On any given day, you’ll find thousands of people spending time on improving their golf swing. Yet, how many people are doing the same for their “leadership swing”?
Harry S. Truman said that “not all readers are leaders, but all leaders are readers”. I’d like to replace “readers” with “learners”. Not all learners are leaders, but all leaders are learners. In fact, truly great leaders are voracious learners; insatiable; almost gluttonous! I believe strongly that personal development must precede organizational development; your organization will grow at the same rate as your own personal growth.
So, the question is “what are my available sources of learning” and “where can I find them”? This story should provide a hint:
Years ago, I was working with Canada’s largest independent petroleum distributor where I conducted a research project within that organization. The research was aimed at identifying leadership development strategies for its current and future leaders. I had the opportunity to tour many of its offices, interviewing leaders at all levels; from functional and regional managers, directors and right up to the CEO. Part of the data that I had gathered beforehand, was their formal education level. This included college and university, but also included one-off courses, short programs, certifications, and training internal to their organization; anything that was formally delivered with intention to develop their leadership capabilities.
During the interviews, with this data in mind, I asked each of them what their most significant source of learning was, formal or informal, when it came to leadership capability. Without exception, every single person that I interviewed cited the very same source. The answer was the informal, on-the-job experiences. Therefore, one of my top recommendation resulting from the research was the introduction of formal coaching processes within the organization. If we don’t this, we are missing the single biggest opportunity for individual and organizational growth.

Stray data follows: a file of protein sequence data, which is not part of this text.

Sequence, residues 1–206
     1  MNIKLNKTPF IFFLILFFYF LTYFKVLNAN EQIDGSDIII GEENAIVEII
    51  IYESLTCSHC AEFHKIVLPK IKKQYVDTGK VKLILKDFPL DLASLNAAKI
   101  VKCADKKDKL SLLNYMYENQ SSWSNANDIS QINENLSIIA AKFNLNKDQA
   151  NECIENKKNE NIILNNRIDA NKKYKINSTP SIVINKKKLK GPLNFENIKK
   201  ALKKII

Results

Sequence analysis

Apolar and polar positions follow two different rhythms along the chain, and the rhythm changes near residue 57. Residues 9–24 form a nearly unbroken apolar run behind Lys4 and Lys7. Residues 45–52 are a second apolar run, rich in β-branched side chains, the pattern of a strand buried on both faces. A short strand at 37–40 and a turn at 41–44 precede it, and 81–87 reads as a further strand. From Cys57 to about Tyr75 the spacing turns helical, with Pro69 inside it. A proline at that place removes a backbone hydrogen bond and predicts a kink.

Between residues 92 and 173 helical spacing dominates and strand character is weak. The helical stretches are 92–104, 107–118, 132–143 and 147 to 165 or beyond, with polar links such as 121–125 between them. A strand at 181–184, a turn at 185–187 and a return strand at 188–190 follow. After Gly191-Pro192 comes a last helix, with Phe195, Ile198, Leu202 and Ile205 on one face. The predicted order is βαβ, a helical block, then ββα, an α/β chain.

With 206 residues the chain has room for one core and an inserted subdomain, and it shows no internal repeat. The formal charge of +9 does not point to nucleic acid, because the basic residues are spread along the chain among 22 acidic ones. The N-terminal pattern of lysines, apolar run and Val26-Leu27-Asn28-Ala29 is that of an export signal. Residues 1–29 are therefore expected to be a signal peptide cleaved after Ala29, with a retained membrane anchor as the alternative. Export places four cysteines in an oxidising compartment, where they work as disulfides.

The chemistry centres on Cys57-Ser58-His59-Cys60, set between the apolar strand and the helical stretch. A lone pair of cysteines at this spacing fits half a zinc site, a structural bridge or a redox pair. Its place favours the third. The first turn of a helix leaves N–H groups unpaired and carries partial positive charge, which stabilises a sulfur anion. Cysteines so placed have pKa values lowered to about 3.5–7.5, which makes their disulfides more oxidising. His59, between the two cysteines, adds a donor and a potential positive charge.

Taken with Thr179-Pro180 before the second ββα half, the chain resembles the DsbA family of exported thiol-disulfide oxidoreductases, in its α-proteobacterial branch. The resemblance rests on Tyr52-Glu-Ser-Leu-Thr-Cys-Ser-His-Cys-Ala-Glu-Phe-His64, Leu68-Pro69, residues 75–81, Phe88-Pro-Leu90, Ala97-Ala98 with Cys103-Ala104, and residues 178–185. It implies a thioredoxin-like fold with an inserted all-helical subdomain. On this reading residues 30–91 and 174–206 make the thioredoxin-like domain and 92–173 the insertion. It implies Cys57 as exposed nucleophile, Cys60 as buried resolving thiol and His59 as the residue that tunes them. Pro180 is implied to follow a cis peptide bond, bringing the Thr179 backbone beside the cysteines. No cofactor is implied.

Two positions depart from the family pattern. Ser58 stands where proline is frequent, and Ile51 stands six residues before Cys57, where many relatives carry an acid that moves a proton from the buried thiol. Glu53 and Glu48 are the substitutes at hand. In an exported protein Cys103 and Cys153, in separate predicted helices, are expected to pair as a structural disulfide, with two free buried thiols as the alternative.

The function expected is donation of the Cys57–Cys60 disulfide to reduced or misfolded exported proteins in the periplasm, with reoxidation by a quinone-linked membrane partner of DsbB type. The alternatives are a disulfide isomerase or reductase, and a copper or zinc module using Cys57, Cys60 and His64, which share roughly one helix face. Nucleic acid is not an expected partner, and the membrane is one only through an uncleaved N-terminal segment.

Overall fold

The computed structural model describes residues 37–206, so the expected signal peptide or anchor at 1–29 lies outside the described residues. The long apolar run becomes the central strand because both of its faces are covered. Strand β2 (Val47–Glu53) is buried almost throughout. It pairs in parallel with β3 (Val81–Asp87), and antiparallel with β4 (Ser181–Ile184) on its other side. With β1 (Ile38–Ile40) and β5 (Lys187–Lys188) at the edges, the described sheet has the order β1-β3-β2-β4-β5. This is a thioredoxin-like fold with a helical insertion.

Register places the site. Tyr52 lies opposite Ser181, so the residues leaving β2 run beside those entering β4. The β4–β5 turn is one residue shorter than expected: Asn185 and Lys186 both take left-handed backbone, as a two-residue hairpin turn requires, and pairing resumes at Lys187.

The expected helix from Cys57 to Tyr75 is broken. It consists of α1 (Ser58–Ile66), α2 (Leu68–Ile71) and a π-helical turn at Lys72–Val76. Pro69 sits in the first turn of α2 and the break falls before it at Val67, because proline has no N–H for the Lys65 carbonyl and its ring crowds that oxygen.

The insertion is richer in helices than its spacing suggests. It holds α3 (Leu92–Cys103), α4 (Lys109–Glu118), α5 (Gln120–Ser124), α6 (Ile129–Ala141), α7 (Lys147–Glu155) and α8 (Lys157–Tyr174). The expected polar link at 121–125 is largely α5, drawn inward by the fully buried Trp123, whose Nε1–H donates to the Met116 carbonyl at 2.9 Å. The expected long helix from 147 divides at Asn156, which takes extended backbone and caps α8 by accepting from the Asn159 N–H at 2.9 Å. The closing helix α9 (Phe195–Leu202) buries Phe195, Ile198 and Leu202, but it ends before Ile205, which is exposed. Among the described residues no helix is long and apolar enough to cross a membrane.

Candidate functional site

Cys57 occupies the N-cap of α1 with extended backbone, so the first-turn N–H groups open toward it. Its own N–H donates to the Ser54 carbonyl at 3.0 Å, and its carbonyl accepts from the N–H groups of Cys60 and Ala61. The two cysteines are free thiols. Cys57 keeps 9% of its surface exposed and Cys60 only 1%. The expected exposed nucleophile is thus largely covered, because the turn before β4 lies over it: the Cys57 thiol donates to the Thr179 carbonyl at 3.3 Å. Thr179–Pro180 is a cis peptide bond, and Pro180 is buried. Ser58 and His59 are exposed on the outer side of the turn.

Now, we can capture this opportunity to improve organizational leadership through the application of various methodologies. Whether it’s an “Improvement Routine” as I’ve been developing and delivering, the Coaching Kata as Mike Rother has authored, or the concepts of developing a learning organization as many authors have described for many years now. The exact approach or method is less important as the outcome. The important part is creating the habits within your organization that support increased learning from day-to-day activities, both for the organization and the individual. Most often, this will involve appropriate coaching. Not advice or mentorship; coaching! I would implore you learn more about these approaches and begin applying them if you’re not already.
There are methods to improve organizational leadership, such as The 4 Disciplines of Execution, Traction, and Toyota Kata, which all espouse the same valuable concept. But how do we apply this to ourselves as leaders? After all, personal growth must precede organizational growth. How can we, as individual leaders, learn more purposefully from our day-to-day experiences? The answer, I believe, is in under-utilized process of reflection.
I believe we need to put more effort toward pausing to explore our actions and behaviours that are driving our outcomes as leaders. To do this, we need to create habits that allow us to reflect on our beliefs and assumptions. For me this is a lot of reading, and it is also writing. This helps me explore my thoughts and consider why my actions were or were not effective and inherently changes my subsequent behaviours and actions. For others, these habits of reflection could come from watching TED talks, or journaling, or designated time alone for uninterrupted thought.
So, with an over-abundance of leadership books, courses, and other materials available to you, I will simplify my message and simply say this:
Whatever it is for you that provides you the opportunity to learn on a regular basis, identify it. I challenge you to create that habit, learn more about yourself, and improve your own leadership skills. If you do this, you will, by default, also improve the leadership within your organization.
If you would like to learn how executive coaching can supercharge your learning efforts, learn more here: